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I like the concept, but I'm not sure that the Z-80 is the best implementation substrate -- it's got a lot of oddball properties and special case instruction encodings (due in part to the way things were squeezed in around the base 8080 instruction set).

A PDP-8 can be implemented in fewer transistors (original DEC wiring diagrams are on bitsavers, and github has source for several clones in Verilog), and DEC already shipped a moderately full software suite for it.

I think the point is in that there are so many z80 chips out there for scavenging and that there are plenty of consumer devices that can be used (like TI calculators). Even if they stop making them today, the supply will last long.

They are also the cochroach equivalent of a processor, tough as hell, functional on a ropey power supply and can be used to make a simple 8 bit machine with very few ancillary chips - the reason they ended up in the sinclair zx's.

Similar reasons are likely why they were in the TRS-80.

The TRS-80 was... not built for ruggedness and durability. At least not if you had a system with any peripherals; the cables were notoriously flaky, to the point that the problems are on record in the Wikipedia page, as an explanation for the "Trash-80" sobriquet. (I recall at the time seeing aftermarket recommendations for expensive cables and doing things like wrapping components in tinfoil to try to get some extra RF shielding.)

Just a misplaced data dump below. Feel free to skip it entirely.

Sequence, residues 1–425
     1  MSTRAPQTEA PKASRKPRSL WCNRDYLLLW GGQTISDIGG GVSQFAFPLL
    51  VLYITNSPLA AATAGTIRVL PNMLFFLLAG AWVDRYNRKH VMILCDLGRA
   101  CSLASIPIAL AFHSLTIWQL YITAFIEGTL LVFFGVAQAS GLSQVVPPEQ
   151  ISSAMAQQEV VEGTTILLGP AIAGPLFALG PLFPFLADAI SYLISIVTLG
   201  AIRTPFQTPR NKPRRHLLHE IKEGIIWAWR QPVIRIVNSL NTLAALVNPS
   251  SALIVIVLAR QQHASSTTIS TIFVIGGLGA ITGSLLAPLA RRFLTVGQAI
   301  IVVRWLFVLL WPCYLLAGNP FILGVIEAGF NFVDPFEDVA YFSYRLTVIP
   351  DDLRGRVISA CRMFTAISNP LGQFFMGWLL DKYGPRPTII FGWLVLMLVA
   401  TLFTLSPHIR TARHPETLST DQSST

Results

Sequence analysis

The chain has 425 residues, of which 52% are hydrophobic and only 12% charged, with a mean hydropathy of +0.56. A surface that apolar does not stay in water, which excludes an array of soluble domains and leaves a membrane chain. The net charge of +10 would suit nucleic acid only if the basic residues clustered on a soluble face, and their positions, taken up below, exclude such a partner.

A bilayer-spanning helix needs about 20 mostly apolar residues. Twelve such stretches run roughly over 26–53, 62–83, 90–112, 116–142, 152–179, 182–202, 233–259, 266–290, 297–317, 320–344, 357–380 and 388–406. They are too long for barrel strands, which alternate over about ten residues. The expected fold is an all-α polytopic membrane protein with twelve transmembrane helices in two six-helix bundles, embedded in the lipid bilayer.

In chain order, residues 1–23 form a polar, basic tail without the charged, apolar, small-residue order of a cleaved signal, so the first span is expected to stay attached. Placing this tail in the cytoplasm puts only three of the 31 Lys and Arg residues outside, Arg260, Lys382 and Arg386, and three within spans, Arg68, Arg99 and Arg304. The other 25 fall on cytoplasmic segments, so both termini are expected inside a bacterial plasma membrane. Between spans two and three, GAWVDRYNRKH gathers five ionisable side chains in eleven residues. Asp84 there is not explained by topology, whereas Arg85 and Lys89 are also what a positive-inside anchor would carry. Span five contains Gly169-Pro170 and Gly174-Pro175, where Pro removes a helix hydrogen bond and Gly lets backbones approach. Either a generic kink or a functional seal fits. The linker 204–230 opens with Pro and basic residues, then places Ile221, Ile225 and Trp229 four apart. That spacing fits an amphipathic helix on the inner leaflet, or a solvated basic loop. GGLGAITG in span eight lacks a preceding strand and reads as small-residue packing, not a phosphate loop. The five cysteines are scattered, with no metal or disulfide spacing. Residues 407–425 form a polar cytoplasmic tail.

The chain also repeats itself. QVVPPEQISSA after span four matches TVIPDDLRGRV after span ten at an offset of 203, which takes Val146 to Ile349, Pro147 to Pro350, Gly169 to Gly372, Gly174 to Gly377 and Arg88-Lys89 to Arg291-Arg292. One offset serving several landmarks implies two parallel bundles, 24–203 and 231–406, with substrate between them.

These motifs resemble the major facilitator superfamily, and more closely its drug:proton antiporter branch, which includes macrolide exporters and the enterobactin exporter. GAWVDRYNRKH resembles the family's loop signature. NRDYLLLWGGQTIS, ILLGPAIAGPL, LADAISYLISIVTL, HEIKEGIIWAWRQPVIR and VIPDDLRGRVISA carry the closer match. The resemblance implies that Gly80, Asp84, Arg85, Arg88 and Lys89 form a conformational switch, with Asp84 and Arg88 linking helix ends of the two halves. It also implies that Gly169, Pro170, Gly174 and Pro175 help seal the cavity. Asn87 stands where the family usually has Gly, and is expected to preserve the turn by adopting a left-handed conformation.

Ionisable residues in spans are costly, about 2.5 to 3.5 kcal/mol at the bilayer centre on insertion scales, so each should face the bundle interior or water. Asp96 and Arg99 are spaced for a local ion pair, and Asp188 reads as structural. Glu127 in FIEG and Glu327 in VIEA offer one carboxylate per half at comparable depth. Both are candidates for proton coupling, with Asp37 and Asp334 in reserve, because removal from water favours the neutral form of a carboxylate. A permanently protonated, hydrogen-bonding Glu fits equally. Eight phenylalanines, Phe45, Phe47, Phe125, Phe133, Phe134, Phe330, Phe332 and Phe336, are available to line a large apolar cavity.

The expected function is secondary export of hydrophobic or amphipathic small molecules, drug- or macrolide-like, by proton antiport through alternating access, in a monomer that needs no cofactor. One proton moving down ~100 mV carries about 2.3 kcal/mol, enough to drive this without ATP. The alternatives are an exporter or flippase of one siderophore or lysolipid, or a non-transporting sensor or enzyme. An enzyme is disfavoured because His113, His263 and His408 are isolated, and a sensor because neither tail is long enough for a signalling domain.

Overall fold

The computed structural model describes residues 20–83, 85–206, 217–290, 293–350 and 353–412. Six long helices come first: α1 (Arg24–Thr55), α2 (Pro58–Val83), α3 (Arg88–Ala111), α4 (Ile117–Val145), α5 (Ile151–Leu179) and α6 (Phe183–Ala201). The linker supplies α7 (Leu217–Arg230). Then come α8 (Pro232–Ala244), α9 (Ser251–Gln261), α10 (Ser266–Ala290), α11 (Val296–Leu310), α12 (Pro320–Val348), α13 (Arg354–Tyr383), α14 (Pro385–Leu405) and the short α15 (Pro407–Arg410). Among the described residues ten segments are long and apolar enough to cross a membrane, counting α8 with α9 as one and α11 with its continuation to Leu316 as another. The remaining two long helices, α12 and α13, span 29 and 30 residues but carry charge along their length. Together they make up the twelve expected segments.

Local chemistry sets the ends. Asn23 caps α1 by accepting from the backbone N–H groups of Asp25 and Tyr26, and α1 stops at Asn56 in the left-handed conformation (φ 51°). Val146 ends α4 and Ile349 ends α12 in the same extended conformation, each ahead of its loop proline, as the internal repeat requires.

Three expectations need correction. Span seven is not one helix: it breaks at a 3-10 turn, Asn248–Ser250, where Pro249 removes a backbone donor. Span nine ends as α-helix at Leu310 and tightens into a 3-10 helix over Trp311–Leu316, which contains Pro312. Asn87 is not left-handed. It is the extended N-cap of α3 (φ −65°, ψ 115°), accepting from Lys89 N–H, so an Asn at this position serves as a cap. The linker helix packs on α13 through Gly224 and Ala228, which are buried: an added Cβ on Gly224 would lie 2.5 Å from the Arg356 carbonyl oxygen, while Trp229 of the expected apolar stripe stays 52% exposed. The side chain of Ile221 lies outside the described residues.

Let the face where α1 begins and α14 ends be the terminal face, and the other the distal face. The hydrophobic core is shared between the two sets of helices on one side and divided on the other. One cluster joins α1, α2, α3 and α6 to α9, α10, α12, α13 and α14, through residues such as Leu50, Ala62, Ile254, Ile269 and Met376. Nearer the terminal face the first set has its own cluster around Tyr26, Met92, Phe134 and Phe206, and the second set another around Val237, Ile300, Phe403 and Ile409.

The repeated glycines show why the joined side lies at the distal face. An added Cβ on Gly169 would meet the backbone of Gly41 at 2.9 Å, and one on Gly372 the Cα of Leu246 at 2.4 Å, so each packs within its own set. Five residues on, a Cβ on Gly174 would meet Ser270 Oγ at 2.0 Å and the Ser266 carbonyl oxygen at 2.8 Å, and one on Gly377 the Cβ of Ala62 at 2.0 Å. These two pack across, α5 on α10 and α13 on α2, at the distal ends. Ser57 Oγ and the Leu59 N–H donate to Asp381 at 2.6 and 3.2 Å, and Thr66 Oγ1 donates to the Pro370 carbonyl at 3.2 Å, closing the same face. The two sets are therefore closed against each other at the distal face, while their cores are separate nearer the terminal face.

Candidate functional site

The system wasn't built for ruggedness. The chip had to be, because the system provided that ropey power supply previously mentioned and very few ancillary chips. It was a relatively inexpensive chip that one could build an even less expensive home computer around.

Precisely this, The ZX80 was a masterpiece of "just how close to the wind can we sail and still have a mostly functional for most people legit computer".

I mean it was built out of off the shelf cheaply (relatively) available TTL components and no real RF shielding (something variants in the US had to fix to comply with the FCC rules of the time).

It's astounding it was a commercial success but it cost 80 quid (as a kit, 100 pre-built) at a time when others where 3-4 to 10 times as expensive (average wage back then was around 110 per week).

In a very real sense it democratised computers to something almost anyone working could afford if they wanted it.

I know if it hadn't of been for the ZX-81/ZX-Spectrum I wouldn't have had a career in software engineering nor a life long love for computers, I was born in '80 to working class parents in the north of England even in 1987 having a computer was considered exotic among my cohort, I didn't see another one outside my family til 1990 (a C64 I lusted after).

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